Is God our genie?

As a school boy I often prayed to God prior and during my exam times. In my innocence, I hoped that God would guide me to do well in my exams and I would get good results. Now as I look back on this, I see that I was picturing God as my magical genie in the famous cartoon movie, Aladdin, who could fulfil all my wishes. I’m sure it was just me imagining God that way!!!

The readings this weekend point out that the imagination of God as our genie is often the case for human beings. The Israelites saw God as a mere material provider for their physical needs – food in this weekend’s first reading and prior to and after this, in the book of Exodus, God provided them water to drink in the wilderness.

The crowds that followed Jesus to Capernaum had similar mentality. They saw Jesus as a genie that could work miracles to feed the multitude with so little. They wanted his miraculous power but not himself. Jesus pointed them to go beyond the miracle, the physical and material satisfaction, to recognise the sign revealing who he was. He was the Word Incarnate, the Word becoming flesh, the flesh that can feed us so we may grow in our maturity and relationship with the reality bigger than ourselves – God.

God at times (or most of the times) works through physical and material signs, not for the sake of fulfilling our physical and material needs and desires, but for the sake of relationship with Him/Her.

So when I prayed for good results for my exams back in my school time, sometimes it worked and sometimes it didn’t. The more I grew up, the lesser what I wanted in prayers has been satisfied. It is not because God doesn’t want to answer my prayers. God always answers our prayers, but not in the ways we might expect or hope for. But moreover, I have learnt that God is a lover who cannot be manipulated as a genie from the oil lamp, and I’m continuously called to learn to be in a loving relationship with God more than having all my desires and concerns solved and sorted miraculously. Relationship and shallow satisfaction are very different things.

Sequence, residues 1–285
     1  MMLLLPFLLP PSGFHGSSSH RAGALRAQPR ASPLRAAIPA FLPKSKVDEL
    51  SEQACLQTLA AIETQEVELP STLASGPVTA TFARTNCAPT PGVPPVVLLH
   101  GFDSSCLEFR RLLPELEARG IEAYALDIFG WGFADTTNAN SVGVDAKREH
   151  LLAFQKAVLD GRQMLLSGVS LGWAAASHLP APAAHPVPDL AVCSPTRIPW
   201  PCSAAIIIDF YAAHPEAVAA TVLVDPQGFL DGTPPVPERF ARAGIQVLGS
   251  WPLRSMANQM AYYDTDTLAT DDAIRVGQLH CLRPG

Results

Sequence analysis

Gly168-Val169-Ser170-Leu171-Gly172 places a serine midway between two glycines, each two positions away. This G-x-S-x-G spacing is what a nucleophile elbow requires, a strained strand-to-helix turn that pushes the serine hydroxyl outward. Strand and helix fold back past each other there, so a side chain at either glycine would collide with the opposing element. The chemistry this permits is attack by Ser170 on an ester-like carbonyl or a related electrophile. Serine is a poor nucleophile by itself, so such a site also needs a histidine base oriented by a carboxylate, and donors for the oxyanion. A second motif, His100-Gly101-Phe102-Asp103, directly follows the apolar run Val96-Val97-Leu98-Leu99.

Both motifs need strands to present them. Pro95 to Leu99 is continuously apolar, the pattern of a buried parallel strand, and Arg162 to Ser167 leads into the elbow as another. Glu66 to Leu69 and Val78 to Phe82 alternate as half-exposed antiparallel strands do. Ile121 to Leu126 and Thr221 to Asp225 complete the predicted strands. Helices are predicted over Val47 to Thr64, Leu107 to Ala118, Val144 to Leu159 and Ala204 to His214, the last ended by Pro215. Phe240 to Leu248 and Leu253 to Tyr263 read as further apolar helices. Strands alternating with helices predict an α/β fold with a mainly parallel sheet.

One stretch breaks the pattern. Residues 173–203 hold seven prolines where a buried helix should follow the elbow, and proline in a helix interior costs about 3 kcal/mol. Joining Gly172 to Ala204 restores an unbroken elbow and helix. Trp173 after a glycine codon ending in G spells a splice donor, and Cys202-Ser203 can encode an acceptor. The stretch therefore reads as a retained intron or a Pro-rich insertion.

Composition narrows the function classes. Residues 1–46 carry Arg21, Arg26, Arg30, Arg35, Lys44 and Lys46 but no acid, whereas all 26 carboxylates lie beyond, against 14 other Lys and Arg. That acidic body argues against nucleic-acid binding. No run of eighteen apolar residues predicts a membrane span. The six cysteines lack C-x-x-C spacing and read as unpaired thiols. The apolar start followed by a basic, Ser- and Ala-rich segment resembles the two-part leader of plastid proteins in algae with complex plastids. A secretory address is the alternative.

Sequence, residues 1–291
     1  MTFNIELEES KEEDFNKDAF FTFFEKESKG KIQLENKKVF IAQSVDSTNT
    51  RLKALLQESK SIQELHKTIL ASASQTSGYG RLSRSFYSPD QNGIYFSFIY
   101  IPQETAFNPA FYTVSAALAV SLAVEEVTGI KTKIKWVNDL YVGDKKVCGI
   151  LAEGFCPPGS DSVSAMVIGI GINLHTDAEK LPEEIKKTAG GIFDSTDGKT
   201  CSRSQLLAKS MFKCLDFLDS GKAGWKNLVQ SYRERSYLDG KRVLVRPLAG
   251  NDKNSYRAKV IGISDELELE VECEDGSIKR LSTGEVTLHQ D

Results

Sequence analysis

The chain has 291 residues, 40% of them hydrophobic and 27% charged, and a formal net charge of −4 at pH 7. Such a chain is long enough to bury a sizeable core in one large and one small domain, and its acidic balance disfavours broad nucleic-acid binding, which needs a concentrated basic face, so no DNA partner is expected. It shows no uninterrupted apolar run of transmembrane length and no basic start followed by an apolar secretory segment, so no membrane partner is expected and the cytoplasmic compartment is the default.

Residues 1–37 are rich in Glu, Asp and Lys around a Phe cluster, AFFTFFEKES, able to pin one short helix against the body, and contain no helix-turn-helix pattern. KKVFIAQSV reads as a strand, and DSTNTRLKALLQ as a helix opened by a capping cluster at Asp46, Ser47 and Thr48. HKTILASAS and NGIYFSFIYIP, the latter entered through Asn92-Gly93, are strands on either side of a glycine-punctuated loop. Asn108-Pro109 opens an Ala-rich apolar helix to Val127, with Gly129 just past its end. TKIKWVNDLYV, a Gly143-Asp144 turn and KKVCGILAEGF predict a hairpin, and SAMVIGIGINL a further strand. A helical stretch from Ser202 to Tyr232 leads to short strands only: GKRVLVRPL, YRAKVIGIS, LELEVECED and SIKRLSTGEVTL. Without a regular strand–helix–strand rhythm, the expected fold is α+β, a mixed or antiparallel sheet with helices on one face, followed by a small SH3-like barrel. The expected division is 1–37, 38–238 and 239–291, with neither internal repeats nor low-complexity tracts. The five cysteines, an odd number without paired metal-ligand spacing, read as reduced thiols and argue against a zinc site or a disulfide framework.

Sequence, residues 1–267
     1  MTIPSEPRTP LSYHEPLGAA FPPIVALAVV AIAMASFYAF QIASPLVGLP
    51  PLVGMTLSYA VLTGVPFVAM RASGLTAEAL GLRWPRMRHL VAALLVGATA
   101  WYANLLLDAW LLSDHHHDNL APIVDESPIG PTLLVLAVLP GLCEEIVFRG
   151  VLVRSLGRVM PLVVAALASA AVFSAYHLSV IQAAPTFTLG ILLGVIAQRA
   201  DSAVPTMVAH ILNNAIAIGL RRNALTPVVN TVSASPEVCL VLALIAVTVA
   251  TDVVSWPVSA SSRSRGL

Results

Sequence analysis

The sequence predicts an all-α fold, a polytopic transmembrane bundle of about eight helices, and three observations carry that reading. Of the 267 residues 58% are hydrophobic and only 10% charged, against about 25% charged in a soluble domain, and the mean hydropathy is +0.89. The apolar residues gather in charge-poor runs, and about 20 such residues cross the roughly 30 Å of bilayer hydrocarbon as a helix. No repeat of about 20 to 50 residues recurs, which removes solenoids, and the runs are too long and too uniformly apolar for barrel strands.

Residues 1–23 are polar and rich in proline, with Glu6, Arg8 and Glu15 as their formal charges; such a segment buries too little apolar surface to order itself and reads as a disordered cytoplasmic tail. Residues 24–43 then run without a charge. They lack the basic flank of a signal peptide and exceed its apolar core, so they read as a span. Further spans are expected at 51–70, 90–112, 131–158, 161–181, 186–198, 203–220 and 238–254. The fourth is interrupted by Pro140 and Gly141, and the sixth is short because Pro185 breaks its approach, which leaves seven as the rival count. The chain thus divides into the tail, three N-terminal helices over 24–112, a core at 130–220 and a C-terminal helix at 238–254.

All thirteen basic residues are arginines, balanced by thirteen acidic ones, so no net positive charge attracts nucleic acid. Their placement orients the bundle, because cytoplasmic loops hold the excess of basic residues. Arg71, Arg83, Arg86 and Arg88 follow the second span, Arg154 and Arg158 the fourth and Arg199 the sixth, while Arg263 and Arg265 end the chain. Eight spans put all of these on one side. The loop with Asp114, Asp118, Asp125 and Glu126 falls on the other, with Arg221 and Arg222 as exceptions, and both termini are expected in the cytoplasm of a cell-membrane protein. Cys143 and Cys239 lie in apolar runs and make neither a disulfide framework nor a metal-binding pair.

Lots of people begin their faith journey by experiencing significant miracles that God gives them in their lives. But when these unbelievable miracles stop, their faith also starts to shake. That’s an indication that our faith basically relies on whether we are satisfied or not. And be sure, that’s not what faith is about, that’s not what God wants for us.

God wants to be our lover, a real lover, not our magical genie.

Br Khoi msc

Posted in Br Khoi Writes, Parish News.